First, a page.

Guess what I’m doing. I’m refusing to finish The Rabbit Hutch, a novel by Tess Gunty. Only 70 pages remain, but animal cruelty lurks in those pages and I won’t allow such images into my head. The story itself isn’t compelling enough to overcome my reluctance, either. Therefore, it sits unfinished on the ottoman. Face down. And I’m at a stalemate.
I don’t like being a quitter, but it’s better than being traumatized for the rest of my days. The thing is, I’ve reached a point where I resent wasting time on unenjoyable pursuits. Accounts of pointless cruelty and violence simply aren’t welcome, not when world news is what it is. Not when there are thousands of great books still waiting to be read. Lovely books. Interesting books. Fun books. Books with likable, sympathetic characters and great plots. That’s where I want to be.
Breathless reviews have fooled me for the last time. Book critics, award committees, the general public, none of them share my peculiar, very picky standards. For the most part big name authors leave me cold. James Patterson, for instance. I asked a guy once what it was he liked about Patterson’s books and his answer? Short chapters. Well, short chapters aren’t writing, they’re formatting.
I prefer the unheralded mid-listers — Elizabeth McKenzie, Philip Kerr, Fannie Flagg. I’m also a fan of the newly emerging — early Dennis Lehane, Richard Russo before Empire Falls. As well as the old masters — P.G. Wodehouse, Raymond Chandler, James Thurber. They’re my idea of storytellers and I needed a new one.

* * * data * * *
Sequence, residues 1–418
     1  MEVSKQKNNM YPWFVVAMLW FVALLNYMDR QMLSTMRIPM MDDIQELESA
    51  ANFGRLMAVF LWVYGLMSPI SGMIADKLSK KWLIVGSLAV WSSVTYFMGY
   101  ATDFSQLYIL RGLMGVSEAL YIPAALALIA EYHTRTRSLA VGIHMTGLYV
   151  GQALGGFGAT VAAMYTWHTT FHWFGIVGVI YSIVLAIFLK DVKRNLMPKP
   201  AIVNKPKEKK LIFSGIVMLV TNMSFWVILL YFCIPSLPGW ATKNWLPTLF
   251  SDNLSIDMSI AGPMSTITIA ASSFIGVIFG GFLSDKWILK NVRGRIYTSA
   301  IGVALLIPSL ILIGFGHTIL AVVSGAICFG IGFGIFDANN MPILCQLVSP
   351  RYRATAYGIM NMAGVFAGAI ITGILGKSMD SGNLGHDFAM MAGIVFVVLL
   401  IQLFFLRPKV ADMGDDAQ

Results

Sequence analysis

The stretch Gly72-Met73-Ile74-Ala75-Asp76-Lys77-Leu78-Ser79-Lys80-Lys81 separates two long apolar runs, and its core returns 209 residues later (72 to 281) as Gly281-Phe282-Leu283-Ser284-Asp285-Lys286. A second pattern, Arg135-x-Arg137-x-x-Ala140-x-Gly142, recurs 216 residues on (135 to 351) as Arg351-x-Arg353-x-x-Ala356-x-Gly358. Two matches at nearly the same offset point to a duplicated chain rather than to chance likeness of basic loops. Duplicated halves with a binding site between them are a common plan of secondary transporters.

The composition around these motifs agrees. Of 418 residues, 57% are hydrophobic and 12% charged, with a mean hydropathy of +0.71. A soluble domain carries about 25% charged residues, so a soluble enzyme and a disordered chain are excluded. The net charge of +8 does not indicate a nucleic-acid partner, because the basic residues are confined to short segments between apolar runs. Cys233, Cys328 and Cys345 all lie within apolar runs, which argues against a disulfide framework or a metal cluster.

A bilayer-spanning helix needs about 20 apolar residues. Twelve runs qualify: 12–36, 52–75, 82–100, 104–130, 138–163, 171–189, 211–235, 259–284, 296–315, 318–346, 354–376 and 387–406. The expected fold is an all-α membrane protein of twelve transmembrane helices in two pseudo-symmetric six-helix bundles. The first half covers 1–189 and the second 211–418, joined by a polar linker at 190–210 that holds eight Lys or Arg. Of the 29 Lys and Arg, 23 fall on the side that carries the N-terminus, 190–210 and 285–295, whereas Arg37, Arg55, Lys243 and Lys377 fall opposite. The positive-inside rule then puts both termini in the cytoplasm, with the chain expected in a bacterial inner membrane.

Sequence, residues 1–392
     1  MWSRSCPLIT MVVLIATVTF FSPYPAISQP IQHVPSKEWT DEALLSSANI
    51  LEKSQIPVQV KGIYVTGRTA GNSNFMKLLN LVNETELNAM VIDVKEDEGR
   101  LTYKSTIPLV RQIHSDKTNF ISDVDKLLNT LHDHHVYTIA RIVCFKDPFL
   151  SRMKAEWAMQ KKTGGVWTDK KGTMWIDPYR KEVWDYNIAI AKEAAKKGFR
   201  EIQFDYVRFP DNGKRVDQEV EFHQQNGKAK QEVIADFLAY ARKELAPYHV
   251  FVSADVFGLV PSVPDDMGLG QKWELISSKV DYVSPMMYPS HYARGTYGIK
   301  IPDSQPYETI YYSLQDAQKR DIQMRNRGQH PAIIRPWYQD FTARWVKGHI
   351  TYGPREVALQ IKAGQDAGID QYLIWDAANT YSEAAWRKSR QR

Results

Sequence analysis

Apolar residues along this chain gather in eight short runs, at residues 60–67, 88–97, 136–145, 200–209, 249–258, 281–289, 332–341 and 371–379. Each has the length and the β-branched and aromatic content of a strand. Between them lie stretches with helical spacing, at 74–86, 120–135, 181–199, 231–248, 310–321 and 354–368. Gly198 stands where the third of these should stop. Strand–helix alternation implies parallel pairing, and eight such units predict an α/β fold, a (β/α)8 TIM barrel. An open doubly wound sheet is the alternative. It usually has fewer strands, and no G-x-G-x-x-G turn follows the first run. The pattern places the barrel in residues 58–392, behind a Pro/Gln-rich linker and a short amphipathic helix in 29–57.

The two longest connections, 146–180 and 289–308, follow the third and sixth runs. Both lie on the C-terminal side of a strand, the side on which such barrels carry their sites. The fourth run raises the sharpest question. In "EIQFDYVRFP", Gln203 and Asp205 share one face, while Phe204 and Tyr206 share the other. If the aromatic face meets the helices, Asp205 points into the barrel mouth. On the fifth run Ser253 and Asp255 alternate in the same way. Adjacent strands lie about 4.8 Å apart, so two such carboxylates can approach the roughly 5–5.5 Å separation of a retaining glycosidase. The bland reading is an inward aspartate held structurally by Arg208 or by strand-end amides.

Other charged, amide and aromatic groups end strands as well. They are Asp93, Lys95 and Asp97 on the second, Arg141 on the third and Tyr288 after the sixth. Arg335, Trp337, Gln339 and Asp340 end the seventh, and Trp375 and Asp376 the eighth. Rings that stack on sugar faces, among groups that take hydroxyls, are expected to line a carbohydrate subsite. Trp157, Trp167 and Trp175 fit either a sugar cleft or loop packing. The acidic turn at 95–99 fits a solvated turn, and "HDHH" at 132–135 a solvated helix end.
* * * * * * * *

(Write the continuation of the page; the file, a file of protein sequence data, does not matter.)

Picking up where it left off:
So, after deciding to abandon The Rabbit Hutch, I sailed off to the library for a new book. Once through the doors, my eyes quickly locked on a title with a charming cover: The Village Idiot by Steve Stern. This was kismet. Somewhat insulting, but kismet, nonetheless.
I picked it up, read the first few paragraphs, and was beguiled. I flipped through the front matter and saw the author had written a number of books, so I wandered from New Releases to Fiction and grabbed the copy of Stern’s The Pinch off the shelf. Then I rocketed through checkout and scurried home, feeling like I’d just pulled off the greatest heist in American history.
And this, my friends, is why we need libraries. I’d never find this author in a local bookstore, because Steve Stern isn’t a big name. He isn’t a brand or a social media icon. He isn’t an Oprah’s Book Club pick. He’s just an amazing writer guy hoping his work gets noticed. My little library is peppered with gems like his. Discovering them is almost better than finding the Fountain of Youth and has a similar effect. It is, in a word, joyous.
We can’t allow small-minded, power hungry zealots to close down libraries. They’re better than Siri, better than google, better than Wikipedia. Libraries are nothing less than idea launchpads and we need to protect them. If not us, who? Complacency is our greatest enemy at this point. We need to stand up and fight back or we’re lost. Decency can’t defend itself; that’s on us.
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